It’s winter. All of nature is resting because all living things need rest.
We humans are the only creatures that don’t take the winter off. When the days grow short and darkness comes early, the wild things burrow in and take a nap. But we turn on the lights and watch TV or surf the net or catch up on work. While we drive ourselves to keep producing, nature takes a four-month vacation. I don’t know about you, but I can’t remember the last time I took a four-month vacation.
My husband died in November and by the time the holidays were over it was all I could do to pull myself out of bed and get dressed before three. But I kept pushing myself. Which was not a good thing, because when you’re trying to manage grief you need sleep.
You see, grief is cellular and you only renew your cells when you sleep. So don’t whip yourself up for wanting to sleep a bit more. (Maybe for the next seven years in fact.) Because in seven years every cell in your body will be different! Your cells are turning over, recreating themselves every day. When you rest, you help your body restore.
So I invite you to take a moment now to rest and relax into the world of story for a breath or two.
When I was 7 we lived in a big Victorian house with a little tiny yard in Parkersburg West Virginia back in the day when everyone grew a garden. It was just what you did.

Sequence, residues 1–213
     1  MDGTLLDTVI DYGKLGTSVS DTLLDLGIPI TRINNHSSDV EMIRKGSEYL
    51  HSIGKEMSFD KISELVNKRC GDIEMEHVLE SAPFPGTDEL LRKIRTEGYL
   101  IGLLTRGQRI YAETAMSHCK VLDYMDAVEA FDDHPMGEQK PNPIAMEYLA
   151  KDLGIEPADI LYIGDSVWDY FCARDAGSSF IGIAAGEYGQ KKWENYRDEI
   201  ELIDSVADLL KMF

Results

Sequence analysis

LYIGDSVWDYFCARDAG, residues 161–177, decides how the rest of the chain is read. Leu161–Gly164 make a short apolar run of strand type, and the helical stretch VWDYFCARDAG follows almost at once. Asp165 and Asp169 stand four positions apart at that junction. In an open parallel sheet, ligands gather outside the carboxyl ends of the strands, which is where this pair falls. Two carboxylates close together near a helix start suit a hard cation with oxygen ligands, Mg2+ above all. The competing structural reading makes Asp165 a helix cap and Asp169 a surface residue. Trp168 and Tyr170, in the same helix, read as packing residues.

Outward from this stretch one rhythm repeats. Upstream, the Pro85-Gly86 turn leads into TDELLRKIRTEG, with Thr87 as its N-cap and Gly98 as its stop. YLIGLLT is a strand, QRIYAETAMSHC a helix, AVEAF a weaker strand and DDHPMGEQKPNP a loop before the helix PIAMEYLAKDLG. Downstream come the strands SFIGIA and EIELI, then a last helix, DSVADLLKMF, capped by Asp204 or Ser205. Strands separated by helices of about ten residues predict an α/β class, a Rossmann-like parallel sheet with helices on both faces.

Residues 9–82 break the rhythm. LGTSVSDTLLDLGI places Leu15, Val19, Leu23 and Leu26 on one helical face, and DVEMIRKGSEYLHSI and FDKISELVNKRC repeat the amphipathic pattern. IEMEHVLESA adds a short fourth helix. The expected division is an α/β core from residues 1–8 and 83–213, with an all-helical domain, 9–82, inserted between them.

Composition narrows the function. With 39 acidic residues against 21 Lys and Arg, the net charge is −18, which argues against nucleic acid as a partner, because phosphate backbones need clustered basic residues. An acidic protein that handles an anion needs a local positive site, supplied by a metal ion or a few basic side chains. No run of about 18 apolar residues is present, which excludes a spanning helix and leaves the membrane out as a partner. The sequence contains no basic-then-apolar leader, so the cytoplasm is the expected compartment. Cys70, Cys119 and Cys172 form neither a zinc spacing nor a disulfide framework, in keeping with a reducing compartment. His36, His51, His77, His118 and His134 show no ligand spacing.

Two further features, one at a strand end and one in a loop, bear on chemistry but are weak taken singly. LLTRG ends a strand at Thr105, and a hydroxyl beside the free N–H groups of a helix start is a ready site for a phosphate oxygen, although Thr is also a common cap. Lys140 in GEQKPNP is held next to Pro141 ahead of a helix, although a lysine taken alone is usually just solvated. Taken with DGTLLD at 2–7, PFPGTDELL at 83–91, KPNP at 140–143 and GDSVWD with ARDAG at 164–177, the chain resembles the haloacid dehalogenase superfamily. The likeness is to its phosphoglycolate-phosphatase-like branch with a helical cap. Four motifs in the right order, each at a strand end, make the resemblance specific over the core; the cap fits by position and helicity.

A lot of people grew vegetables but my preacher Daddy only grew flowers, especially roses. He had all the popular ones: the shimmering white, fragrant JFK, the pink Queen Elizabeth grandaflora, and the everything a great rose should be velvety red Mister Lincoln with its 6 inch blooms.
The roses ringed our yard in carefully cultivated organic beds. When the Japanese beetles got on his roses, no pesticide would touch their flesh. Daddy would fill a small glass jar with gasoline and borrow the tweezers from Mother’s vanity. He’d get up before dawn, crouch between the roses like a ninja warrior, wait for the sun to rise and illuminate the beetle’s iridescent shells, and then one by one tweeze them off, drop them into the gasoline, and watch them fight for their lives all the way to the bottom of the jar in some weird return to WW Two.